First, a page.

United States Beethoven, Mendelssohn: Cleveland Orchestra / Herbert Blomstedt (conductor), Severance Hall, Cleveland, Ohio, 21.2.2019. (MSJ)
Beethoven – Symphony No.6 in F major, Op.68 (‘Pastoral’)
Mendelssohn – Symphony No.3 in A minor, Op.56 (‘Scottish’)
I have heard many readings of Beethoven’s Sixth that demonstrate how familiarity can unfold on pleasant but uneventful autopilot. But Herbert Blomstedt and the Cleveland Orchestra proved that it is possible to conform to tradition while remaining fresh and alive, as if the ink were still wet on the page.
Conducting with the score on his stand, unopened, and without a baton, Blomstedt’s gestures were minimal but shrewdly chosen. At age 91, he knows what is necessary and jettisons any kind of grandstanding. After an initial invigorating tempo, he let the strings guide themselves, only shaping a few turns of phrase, turning his attention to the grace notes in the woodwinds to make sure that they were snapped with a lithe rhythm. In just a few seconds, it was a masterclass on how to communicate intentions without wasting musicians’ time, and the orchestra clearly loved it, giving the conductor their finest response and concentration.
The second movement ‘scene by the brook’ burbled and flowed, unlike so many soporific outings. In addition to the flowing tempo, the effect was achieved by a flexible transition from section to section. Compared to how this orchestra plays the same piece under music director Franz Welser-Möst, this was less rigid, a bit slower, and with a noticeably warmer orchestral tone. Yet because of Blomstedt’s wisdom and experience, the movement seemed to go by quicker. The birdsong solos at the end were delivered with a sense of wonder by Joshua Smith (flute), Frank Rosenwein (oboe), and Afendi Yusuf (clarinet).
The dancing peasants of the scherzo were mellow at first, but kicked up their heels for the contrasting trio, and Blomstedt ensured that balances allowed the winds’ countermelodies to be heard. The abrupt arrival of the calm before the storm brought the kind of chill that can only come from reaching beyond the written page to get at the essence of the music. Blomstedt’s storm was neither rigidly classical nor particularly violent but felt like a human perception of a storm. And he entered the finale’s song of thanksgiving with straightforward simplicity.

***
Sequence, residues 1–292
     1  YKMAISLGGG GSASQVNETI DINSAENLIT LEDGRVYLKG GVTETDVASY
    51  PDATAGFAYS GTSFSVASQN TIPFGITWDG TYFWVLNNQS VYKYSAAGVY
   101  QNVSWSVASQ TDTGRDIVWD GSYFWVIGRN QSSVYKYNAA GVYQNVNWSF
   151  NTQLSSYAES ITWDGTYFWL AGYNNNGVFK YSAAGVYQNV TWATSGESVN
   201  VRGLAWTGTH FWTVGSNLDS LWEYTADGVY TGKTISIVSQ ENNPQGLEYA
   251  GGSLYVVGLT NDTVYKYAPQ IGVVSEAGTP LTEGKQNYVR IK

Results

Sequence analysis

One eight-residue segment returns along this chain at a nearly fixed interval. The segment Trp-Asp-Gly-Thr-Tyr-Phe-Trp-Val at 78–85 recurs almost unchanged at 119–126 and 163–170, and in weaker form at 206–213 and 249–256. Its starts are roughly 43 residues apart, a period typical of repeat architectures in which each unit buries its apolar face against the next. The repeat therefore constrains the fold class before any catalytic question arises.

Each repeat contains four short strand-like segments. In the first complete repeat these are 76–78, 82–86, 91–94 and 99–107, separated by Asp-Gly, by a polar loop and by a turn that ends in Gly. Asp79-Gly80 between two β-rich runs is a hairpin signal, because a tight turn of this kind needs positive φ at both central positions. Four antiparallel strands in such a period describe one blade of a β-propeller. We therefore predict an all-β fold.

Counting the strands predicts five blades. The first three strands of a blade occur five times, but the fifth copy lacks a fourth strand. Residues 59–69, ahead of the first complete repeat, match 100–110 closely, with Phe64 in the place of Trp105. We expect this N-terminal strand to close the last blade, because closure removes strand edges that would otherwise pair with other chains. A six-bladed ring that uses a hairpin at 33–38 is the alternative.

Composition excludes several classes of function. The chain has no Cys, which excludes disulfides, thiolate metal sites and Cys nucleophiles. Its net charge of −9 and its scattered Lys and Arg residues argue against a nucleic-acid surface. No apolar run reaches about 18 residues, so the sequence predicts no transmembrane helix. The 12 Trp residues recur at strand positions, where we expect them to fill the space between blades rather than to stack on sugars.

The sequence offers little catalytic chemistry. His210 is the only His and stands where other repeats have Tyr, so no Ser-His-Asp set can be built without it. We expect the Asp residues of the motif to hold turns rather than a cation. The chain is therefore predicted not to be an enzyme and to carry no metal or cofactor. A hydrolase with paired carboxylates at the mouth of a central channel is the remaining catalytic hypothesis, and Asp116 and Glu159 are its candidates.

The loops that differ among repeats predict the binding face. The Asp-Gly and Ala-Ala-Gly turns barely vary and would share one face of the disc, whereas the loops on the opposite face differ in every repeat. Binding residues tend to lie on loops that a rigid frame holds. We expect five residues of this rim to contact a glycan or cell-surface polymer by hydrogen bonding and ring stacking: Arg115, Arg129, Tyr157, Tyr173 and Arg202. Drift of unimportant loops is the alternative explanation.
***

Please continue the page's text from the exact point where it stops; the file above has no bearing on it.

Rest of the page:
For Mendelssohn’s Scottish Symphony, Blomstedt’s direction was more complex, as this more troubled work requires. It can be easy to forget — thanks to the haphazard order in which Mendelssohn’s symphonies were published (and revised) — that the Third is essentially the crown of the composer’s work as a symphonist. In Blomstedt’s hands, it felt like the masterpiece it is.
Eric Sellen’s program notes dwelt rather a lot on the independence of Mendelssohn’s craft from its Scottish inspiration. Though the work quotes no folk melodies from the country, the gloom and half-light of the composer’s inverted chords and prevailing minor keys seem to take more than just incidental inspiration from the Scottish climate. With such potentially tricky textures, a skilled hand is needed — exactly what Blomstedt brought.
Blomstedt has been pondering the work since he recorded it with the San Francisco Symphony in 1991. He now goes a little beyond the written score to give the large first movement shape. He started the introduction at a faster tempo than is traditional, and not encouraging clotting in those richly saturated middle voices in the strings and woodwinds. He then started the main body of the movement slightly slower than normal, so that each triplet of the 6/8 metre matched the pulse of each beat of the 3/4 introduction. Mendelssohn’s printed score doesn’t demand this, but upon repetition of the main theme, Blomstedt’s plan became clear. Having linked the introduction to the main theme by pulse, he pushed forward slightly for the repetition of the theme with fuller scoring and growing dynamics, leading to the faster tempo marked in the score, for the vigorous bridge into the lonely second theme. This tiered effect effectively clarified the structure, controlling its ebb and flow.
With a lively clarinet solo, Yusuf led off the colorful scherzo, infectiously contrasting with the dark opening movement. Blomstedt kept his speeds moderate, leaving a little room for flexibility, but the slow movement was more urgent than usual. The finale was appropriately warlike, though just before the coda, the lamenting wind solos achieved chilling stillness. If that coda seemed surprisingly bold as soon as it started, a quick glance at the score proves that, here, Blomstedt was doing exactly what was written: without transition, it starts its proud song forte, and only gets bolder from there to the end.
Since his regular Cleveland appearances began in 2006, Blomstedt has become a beloved visitor, and the ovations recognized his sagacity.
Mark Sebastian Jordan